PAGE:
Today, we held our Dev Brunch for June 2010. It was a small group of developers this time, too, as some of our usual attendees turned into parents and can’t wrap their head around anything but their kid. First things first. The good news is that today, we had a new attendee that joined our group after reading our blog articles. This time, the communication beforehands went right. Our office roof garden once again served as a great hangout place as we discussed the topics listed below.
The Dev Brunch
If you want to know more about the meaning of the term “Dev Brunch” or how we implement it, have a look at the follow-up posting of the brunch in October 2009. We continue to allow presence over topics. Our topics for the brunch were:
Google Web Toolkit, internationalization (i18n) and customer customizable text – This wasn’t a presentation, but more a discussion of different options around the fact that GWT i18n works best (and smoothest) when baked into the compiled binary. If you have a customer that wants to change every textual aspect of your projects, chances are that performance will suffer. If your job is to provide a flexible, yet powerful base product as a starting point for individual customer solutions, there’s a huge tradeoff to make here.
First-hand experience of Yoxos 5 Beta – The EclipseSource Yoxos Launcher is a cool new product that helps to keep the management overhead in setting up your IDE (eclipse as you might already have concluded) minimal. It’s a little program that downloads and sets up everything you specified in your launch profile and starts a ready-to-use eclipse instance. You can share the launch profile and keep it in sync so everybody in your group can be sure to work with the complete official setup. This talk was about a real-world use case, the unique features and the areas that still need a bit more work. Remember that it’s beta.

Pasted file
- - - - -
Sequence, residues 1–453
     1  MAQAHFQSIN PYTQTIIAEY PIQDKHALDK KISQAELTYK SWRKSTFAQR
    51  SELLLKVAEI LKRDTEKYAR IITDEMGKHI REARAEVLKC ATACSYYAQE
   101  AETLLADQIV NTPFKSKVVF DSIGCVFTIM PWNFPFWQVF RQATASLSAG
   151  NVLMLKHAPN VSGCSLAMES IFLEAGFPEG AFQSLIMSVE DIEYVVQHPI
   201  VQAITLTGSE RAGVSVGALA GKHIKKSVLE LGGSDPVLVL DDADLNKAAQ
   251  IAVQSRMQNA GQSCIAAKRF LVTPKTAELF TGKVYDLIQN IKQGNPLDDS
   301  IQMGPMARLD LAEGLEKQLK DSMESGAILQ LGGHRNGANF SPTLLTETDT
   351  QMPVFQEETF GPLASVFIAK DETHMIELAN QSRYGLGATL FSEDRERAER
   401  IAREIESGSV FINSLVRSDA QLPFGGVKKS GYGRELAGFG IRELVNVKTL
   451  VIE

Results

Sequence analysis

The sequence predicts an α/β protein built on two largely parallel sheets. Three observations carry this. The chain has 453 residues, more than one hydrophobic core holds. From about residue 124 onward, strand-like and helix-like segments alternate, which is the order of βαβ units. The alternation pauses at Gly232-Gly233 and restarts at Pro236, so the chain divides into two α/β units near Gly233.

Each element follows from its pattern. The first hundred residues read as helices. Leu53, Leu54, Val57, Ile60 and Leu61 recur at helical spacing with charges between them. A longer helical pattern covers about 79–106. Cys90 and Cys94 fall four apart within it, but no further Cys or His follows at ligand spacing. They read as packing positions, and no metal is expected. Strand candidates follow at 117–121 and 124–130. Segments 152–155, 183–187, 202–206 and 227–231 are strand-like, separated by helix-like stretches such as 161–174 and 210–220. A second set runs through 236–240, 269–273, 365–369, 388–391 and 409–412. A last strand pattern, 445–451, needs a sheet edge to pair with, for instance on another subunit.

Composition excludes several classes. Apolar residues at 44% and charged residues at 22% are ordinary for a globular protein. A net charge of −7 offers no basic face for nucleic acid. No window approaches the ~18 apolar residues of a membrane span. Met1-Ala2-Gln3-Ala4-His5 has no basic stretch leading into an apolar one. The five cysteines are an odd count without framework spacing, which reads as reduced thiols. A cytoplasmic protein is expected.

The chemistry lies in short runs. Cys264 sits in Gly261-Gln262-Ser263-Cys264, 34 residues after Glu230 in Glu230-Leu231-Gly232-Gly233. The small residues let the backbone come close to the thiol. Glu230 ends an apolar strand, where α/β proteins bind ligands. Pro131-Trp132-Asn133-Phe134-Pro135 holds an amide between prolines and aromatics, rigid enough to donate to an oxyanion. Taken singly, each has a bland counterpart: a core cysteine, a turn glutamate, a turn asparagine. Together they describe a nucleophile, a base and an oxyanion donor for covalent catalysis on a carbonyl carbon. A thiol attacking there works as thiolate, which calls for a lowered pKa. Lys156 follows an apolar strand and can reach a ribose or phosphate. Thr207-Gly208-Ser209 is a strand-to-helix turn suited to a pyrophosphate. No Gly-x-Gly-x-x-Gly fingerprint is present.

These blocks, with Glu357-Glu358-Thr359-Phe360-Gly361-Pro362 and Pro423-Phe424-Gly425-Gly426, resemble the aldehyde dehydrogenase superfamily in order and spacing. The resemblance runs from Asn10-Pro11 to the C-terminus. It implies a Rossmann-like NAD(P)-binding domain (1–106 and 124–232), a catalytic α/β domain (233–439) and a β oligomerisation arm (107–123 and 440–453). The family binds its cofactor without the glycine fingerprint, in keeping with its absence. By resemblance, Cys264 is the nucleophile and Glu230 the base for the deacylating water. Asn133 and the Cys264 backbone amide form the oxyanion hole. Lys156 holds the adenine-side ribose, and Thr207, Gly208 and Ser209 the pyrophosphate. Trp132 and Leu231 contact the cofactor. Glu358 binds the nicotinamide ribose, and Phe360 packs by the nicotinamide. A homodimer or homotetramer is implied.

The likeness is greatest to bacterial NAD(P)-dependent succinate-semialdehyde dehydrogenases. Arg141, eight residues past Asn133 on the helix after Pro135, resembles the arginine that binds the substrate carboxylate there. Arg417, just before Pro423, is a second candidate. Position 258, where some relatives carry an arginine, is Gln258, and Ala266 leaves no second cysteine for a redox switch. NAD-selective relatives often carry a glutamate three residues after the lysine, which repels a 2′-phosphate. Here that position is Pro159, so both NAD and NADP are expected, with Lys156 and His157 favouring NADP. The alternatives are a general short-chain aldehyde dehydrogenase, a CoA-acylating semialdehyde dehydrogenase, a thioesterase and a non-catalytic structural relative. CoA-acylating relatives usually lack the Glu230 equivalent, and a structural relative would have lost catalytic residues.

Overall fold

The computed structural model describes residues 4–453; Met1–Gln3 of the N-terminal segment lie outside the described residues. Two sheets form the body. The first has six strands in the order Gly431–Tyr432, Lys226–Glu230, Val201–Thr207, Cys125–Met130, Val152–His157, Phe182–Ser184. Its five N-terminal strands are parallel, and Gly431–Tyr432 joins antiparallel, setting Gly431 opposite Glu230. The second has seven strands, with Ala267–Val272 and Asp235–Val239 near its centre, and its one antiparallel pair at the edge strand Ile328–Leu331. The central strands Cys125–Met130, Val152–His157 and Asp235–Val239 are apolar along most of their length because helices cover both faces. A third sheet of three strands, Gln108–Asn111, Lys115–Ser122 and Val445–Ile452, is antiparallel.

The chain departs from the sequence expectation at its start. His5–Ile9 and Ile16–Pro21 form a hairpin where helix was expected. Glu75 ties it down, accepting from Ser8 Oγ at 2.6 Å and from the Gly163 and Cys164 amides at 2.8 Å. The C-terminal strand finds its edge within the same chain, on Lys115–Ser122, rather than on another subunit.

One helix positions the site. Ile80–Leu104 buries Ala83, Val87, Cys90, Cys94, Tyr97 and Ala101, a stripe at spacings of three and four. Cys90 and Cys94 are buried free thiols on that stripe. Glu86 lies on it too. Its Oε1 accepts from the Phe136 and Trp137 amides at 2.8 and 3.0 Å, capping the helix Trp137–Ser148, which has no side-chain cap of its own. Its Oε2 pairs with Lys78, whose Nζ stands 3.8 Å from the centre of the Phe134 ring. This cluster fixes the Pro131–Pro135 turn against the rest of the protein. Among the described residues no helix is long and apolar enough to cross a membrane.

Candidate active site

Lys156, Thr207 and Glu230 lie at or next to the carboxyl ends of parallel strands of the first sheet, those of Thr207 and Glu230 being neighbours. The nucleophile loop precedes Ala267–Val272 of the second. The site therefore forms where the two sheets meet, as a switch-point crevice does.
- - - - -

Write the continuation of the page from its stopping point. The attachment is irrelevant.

A book chapter review of The Passionate Programmer – The book is the second revision of the former “My Job Went To India…” book from the Pragmatic Bookshelf. It contains insights and advices on making a living in software development. It also has a focus on enterprise career planning in the IT with the background threat of outsourcing or even offshoring. Two chapters were discussed in more detail: That you should keep a map of your technology skills up-to-date (like this example) and that you really should seek to make friends with software maintainance work, as it probably will be the actual job that pays your bills.
Introduction to Code Squiggles – One of the results of a experimental quest to improve the coding style in Java are Code Squiggles. There will be a full-detail blog entry about them shortly, so this is just a teaser. Code Squiggles don’t add functionality or safety to your code, but seek to improve the readability of your code. The ultimate goal is to have your program written down in plain english with a few funny letters in between. Basically, they are intentional bloat to help the casual code reader.
As usual, the topics ranged from first-hand experiences and impressions to literature reviews and research. For additional information provided by the talk authors, check out the comment section (or leave a comment to request further content). Comments and resources might be in german language.
Retrospection of the brunch
Today, we started by giving a quick introduction of ourselves to each other. Being a small group, we digressed a lot more as time wasn’t that much of an issue. The list above is in no way a summary of all the sidenotes and topics we really talked about, it’s just the main topics that served as a starting point for insightful developer chatter. The brunch keeps getting better.